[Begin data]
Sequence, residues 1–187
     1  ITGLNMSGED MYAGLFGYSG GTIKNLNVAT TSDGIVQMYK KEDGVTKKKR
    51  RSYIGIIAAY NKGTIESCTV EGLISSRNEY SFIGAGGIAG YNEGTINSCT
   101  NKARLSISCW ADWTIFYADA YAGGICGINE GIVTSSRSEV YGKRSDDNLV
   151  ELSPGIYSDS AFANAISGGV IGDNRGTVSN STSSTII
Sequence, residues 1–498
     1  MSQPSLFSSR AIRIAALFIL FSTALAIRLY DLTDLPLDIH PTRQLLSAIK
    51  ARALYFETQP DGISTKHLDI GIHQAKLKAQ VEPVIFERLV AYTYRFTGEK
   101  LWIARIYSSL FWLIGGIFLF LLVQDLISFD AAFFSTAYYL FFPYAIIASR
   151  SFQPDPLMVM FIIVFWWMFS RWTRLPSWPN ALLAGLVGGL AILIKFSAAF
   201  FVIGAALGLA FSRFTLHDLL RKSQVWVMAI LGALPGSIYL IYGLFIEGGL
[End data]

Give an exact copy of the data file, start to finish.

Sequence, residues 1–187
     1  ITGLNMSGED MYAGLFGYSG GTIKNLNVAT TSDGIVQMYK KEDGVTKKKR
    51  RSYIGIIAAY NKGTIESCTV EGLISSRNEY SFIGAGGIAG YNEGTINSCT
   101  NKARLSISCW ADWTIFYADA YAGGICGINE GIVTSSRSEV YGKRSDDNLV
   151  ELSPGIYSDS AFANAISGGV IGDNRGTVSN STSSTII
Sequence, residues 1–498
     1  MSQPSLFSSR AIRIAALFIL FSTALAIRLY DLTDLPLDIH PTRQLLSAIK
    51  ARALYFETQP DGISTKHLDI GIHQAKLKAQ VEPVIFERLV AYTYRFTGEK
   101  LWIARIYSSL FWLIGGIFLF LLVQDLISFD AAFFSTAYYL FFPYAIIASR
   151  SFQPDPLMVM FIIVFWWMFS RWTRLPSWPN ALLAGLVGGL AILIKFSAAF
   201  FVIGAALGLA FSRFTLHDLL RKSQVWVMAI LGALPGSIYL IYGLFIEGGL